Firstly, who makes disciples?
Perhaps the classic answer to this in some circles would be pastors or those in full time leadership with some theological training. I may be overstating the case there but there can be a tendency even in non-conformist churches to see the leaders as the sole “doers” in the church. That can mean that discipleship is left to only a few people. The Apostle Paul seems to take a different view:
2 Timothy 2:2
and what you have heard from me in the presence of many witnesses entrust to faithful men who will be able to teach others also.
There seems to be a model here of teaching and training others who can then pass it on. In other words we don’t keep it to ourselves but pass on the good news of the gospel to others to pass on too. A good description of discipling I think. The idea seems to be that we don’t have a model where one person does all the discipling but rather disciples who make disciples who make disciples and so on.
Secondly, to whom, or how many?
This is a slightly difficult question to answer because to a large degree I guess this will depend a bit on who God sends our way. But here is my thought: what if instead of quantity with discipleship we think quality? What I mean by that is rather than thinking of the maximum number of people we can disciple perhaps we should concentrate on a few people each over a longer period. The reasoning that got me to this tentative position is that both Jesus and Paul seemed to concentrate on just a few people even though they could have done more. Jesus, God the Son, only trains twelve, he deliberately only chooses twelve and then invests a huge amount of time on those twelve. Paul seems to spend a considerable amount of time on Timothy and Titus. Again there were others he spent time with but in terms of discipling and mentoring it is only a few.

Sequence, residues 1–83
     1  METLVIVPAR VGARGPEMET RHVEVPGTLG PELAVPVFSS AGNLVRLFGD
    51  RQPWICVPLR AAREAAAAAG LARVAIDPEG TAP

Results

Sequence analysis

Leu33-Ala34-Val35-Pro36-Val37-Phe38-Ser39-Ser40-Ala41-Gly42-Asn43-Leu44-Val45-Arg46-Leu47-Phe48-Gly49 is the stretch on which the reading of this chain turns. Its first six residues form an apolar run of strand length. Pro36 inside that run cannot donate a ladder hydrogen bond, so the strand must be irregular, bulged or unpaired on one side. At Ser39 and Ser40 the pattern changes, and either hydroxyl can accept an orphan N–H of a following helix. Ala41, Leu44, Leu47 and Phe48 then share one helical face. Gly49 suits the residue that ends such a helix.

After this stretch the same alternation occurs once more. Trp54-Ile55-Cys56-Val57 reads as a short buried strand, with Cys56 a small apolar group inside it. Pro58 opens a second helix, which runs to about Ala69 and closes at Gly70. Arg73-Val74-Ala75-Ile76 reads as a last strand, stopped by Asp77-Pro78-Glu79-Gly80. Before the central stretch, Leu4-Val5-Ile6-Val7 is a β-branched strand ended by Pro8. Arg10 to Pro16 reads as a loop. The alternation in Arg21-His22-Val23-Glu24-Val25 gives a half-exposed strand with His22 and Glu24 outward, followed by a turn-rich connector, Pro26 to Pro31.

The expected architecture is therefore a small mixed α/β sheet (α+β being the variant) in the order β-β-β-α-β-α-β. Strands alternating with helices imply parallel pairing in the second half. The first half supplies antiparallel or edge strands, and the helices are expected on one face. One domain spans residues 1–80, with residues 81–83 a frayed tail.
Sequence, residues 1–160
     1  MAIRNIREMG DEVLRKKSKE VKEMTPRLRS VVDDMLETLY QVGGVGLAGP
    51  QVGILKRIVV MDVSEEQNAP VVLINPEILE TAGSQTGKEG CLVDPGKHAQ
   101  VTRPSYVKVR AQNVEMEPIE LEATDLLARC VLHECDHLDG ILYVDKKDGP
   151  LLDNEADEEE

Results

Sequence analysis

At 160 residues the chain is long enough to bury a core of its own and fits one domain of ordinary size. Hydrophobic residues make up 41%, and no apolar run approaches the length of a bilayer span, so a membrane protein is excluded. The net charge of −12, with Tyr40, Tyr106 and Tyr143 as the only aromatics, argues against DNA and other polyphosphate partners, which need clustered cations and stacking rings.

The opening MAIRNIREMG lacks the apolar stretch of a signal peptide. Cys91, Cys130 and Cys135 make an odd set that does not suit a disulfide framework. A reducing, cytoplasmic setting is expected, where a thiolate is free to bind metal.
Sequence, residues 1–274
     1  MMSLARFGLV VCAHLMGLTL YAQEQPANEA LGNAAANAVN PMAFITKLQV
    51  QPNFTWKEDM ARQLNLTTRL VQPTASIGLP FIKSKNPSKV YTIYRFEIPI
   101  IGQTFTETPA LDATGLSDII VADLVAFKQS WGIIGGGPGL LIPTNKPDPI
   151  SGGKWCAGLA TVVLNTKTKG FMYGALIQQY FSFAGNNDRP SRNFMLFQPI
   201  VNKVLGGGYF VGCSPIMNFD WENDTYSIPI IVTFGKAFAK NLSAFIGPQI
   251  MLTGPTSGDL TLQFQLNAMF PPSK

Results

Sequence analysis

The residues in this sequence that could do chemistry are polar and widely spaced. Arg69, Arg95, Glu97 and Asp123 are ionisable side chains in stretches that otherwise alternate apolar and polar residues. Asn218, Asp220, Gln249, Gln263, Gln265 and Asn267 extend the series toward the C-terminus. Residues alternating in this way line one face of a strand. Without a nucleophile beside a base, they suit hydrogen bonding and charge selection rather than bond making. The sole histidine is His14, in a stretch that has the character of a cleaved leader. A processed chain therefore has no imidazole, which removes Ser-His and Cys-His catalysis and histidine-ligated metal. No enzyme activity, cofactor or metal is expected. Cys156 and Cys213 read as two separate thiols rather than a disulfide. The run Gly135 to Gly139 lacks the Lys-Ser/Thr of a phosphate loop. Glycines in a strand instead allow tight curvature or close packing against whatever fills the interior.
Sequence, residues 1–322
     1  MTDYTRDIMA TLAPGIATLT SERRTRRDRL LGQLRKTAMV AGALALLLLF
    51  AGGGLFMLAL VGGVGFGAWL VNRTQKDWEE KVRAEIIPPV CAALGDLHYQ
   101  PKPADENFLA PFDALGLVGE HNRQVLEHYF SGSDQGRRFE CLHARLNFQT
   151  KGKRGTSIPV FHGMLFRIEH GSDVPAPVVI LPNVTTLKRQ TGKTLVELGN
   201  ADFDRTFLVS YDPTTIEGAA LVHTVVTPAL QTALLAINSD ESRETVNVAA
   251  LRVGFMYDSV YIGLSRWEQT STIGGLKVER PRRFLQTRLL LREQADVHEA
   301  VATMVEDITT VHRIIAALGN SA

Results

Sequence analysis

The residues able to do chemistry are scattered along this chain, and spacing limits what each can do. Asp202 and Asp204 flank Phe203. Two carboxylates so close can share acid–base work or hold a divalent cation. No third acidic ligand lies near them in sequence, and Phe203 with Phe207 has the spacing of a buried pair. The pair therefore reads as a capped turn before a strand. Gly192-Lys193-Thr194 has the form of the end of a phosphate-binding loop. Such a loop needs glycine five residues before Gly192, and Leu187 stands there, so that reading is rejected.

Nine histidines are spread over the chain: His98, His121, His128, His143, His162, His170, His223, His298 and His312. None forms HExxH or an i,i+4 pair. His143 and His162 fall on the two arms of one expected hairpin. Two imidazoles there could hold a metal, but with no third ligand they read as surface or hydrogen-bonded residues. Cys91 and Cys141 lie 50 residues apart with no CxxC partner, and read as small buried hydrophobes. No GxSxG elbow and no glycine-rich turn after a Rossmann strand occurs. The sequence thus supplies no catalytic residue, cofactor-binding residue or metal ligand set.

I understand there seem to be two categories here; disciples and apprentices but when Jesus talks about going and making disciples he is speaking to the ones he has discipled which at least suggests that discipling is not a lesser category than apprenticing.
So here is the challenge:
Think of a person or a small group of people God has brought you into contact with and think about ways you could pass on the great things you have learnt about Jesus and communicate some of the joy of walking with him. The original twelve turned the world upside down.